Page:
Thursday, 31 January 2013

Boku wa Tomodachi ga Sukunai NEXT - Episode 4

Everyone has their price, and in Kobato's case her price seems to be some limited edition anime merchandise.  Don't worry Kobato, you're not the only won.

Anyway, the reason that Kobato has to be bought off at all is that Sena has managed to snag some tickets for a theme park, and of course she wants to take Kobato along as a treat.  Thankfully for her, the rest of the group also expresses an interest in going so before we know it the entire thing turns into a day trip for the Neighbours Club - a trip which involves a mind-breaking trip on a roller-coaster as one of its highlights.


The day also provides another opportunity for Sena and Kodaka to get a little closer to one another, although of course Sena is so tsundere about the whole thing that no real progress is made on that front, even when the two of them are mistaken for Kobato's parents.  Once Yozora and Sena's rivalry gets fired up again, the aforementioned roller-coaster becomes their battleground, with.... nauseating results.  After (and let's not beat around the bush here) being spewed upon copiously by the two girls, there's nothing for it than for the group to head off to the baths (do Japanese theme parks usually have baths?  Genuine question) - a simple affair you might think, but one which reveals a shocking truth about Yukimura.  Okay, okay, so it's shocking to nobody but hey, our suspicions are now confirmed and Kodaka can now feel a little less guilty when his body runs away with him.

As it goes, this was another passable episode of Haganai - it managed to keep Yozora and Sena from tearing strips off of one another too much, and ignoring the suggestion that Yozora had rather a lot to do with Yukimura's gender confusion (which would be another low for an already disagreeable character) this was a relatively entertaining episode in terms of simply allowing its characters to bound off of one another.  The trouble is that we basically know all the jokes that this series can pull by this point, which makes the whole thing a little too predictable - unless the show can find some smart ways to shake things up (and no, Yukimura's gender doesn't count) then it has little hope of offering anything other than occasional glimpses of good humour.  I'm not hating watching this series - I'd have dropped it if I were - but its halcyon days were surely over long ago.

Wednesday, 30 January 2013

Tamako Market - Episode 4

It's festival time for the market district in this week's Tamako Market, giving us some reminiscences about Anko (sorry, An) and her own festival experiences as a younger kid.

It seems that young Anko is growing up as quickly as Dera is growing fat (and boy, is he growing fat), as this week's episode reveals that she seems to have developed something of a crush on one of her classmates.  Shy those she is around the boy in question, an ideal opportunity to spend some time with him seems to develop when some of Anko's friends invite both her and the lad in question to an afternoon at the local museum that weekend.


At least, it would be an ideal opportunity were it not for Anko's responsibilities towards her family's mochi store on that very same day; an extremely busy one given that it clashes with the festival in the district.  Even when Anko's grandfather figures out a way to allow her to get what is required of her done at the store so that she can also leave and visit the museum, it seems as if fate has ordained that she not make it as she finds herself sidetracked.  All's well that ends well though, as it seems that her crush hasn't forgotten about her despite her inability to turn up at the museum...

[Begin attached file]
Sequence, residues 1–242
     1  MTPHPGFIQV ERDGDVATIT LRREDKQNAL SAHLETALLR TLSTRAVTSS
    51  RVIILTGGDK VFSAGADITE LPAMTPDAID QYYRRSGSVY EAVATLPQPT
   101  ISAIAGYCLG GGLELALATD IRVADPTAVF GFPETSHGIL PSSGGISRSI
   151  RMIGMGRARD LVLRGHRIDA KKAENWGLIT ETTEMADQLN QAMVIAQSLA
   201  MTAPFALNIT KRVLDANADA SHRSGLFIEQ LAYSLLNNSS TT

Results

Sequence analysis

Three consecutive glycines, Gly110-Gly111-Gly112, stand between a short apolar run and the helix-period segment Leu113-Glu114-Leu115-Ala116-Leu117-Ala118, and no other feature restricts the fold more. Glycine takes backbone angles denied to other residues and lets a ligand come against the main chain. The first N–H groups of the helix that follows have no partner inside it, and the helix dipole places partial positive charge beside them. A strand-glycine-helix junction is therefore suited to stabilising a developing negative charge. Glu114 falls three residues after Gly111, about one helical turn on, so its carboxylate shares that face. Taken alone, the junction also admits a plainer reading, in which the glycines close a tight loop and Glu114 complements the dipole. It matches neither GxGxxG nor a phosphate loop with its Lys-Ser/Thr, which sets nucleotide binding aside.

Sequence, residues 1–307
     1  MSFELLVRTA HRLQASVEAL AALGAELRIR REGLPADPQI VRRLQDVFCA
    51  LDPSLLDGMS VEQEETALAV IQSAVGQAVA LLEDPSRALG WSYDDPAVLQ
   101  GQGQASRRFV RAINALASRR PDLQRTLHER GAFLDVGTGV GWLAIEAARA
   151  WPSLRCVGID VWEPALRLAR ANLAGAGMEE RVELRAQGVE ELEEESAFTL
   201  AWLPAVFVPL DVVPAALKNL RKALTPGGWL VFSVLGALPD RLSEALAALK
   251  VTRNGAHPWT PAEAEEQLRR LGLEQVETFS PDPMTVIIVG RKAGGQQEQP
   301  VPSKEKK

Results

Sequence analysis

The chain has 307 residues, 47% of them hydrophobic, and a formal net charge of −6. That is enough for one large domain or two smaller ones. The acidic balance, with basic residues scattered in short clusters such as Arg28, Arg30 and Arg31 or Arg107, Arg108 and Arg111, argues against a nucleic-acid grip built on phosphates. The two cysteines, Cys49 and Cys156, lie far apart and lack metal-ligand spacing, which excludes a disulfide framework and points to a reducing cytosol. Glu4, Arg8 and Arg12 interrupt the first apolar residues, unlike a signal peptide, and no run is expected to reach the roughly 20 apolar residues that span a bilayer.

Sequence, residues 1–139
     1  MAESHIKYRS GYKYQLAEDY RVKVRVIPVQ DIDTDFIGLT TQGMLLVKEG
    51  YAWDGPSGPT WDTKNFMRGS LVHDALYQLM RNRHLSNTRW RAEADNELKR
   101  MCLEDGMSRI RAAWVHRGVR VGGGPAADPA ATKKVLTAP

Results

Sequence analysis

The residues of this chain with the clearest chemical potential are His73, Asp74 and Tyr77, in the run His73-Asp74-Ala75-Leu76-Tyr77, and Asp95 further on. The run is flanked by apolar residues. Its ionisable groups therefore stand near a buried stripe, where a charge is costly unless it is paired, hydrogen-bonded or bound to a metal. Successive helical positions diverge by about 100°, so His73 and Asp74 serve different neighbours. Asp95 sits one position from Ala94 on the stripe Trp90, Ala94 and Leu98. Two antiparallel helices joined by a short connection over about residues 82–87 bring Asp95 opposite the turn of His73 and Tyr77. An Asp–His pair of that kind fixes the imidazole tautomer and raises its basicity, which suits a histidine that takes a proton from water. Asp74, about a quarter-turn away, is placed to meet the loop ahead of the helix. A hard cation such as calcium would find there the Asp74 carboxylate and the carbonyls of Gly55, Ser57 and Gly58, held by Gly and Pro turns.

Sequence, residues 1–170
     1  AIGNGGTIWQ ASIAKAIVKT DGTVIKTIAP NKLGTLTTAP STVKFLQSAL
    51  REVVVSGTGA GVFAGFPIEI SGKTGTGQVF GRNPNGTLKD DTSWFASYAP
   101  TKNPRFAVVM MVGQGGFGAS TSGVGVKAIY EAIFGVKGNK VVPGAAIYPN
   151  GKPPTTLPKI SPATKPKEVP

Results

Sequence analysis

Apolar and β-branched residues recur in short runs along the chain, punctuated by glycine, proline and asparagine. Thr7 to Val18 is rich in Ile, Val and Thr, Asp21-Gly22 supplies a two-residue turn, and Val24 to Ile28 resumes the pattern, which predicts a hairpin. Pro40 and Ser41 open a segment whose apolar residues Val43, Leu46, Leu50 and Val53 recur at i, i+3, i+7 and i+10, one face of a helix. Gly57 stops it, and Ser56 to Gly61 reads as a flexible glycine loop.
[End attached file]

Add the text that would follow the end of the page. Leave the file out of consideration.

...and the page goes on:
I feel like it isn't harsh to say this now that we're four episodes into the series, so here goes - I'm really not sure what the point of Tamako Market is any more.  Its first couple of episodes seemed well-placed to set the scene and put Dera into a position where he and his situation could work their magic upon the story, but since that point he's become little more than the comic relief in what is ostensibly just another sweet slice of life show.  There was ample room even within this for Anko's situation to be given some more interesting narrative to work with but no, instead we stay ensconced in our happy little world where any upset is strictly temporary.  Within an idealised comedy world (such as that of K-ON or Hidamari Sketch) it works just fine, but although there are a couple of pretty funny moments here Tamako Market sold us the initial promise that it was going to be something more - a promise that it can still deliver upon, certainly, but one that it's neglecting terribly at the moment.

Saki - Episode of Side-A - Episode 14

Another long break between episodes has once again made it difficult to get back into the swing of Episode of Side-A (this series really isn't suited to big gaps between instalments, sadly), but let's see if we can remember what the Hell is going on in the Nationals semi-final.

This fourteenth episode begins with the final hand in Ako's match - not the most successful of hands for the Achiga girl, but it still marks a broadly profitable outing for the club's third player to keep them in second place in preparation for the fourth and penultimate pair of games to see who has what it takes to make it all the way to the final.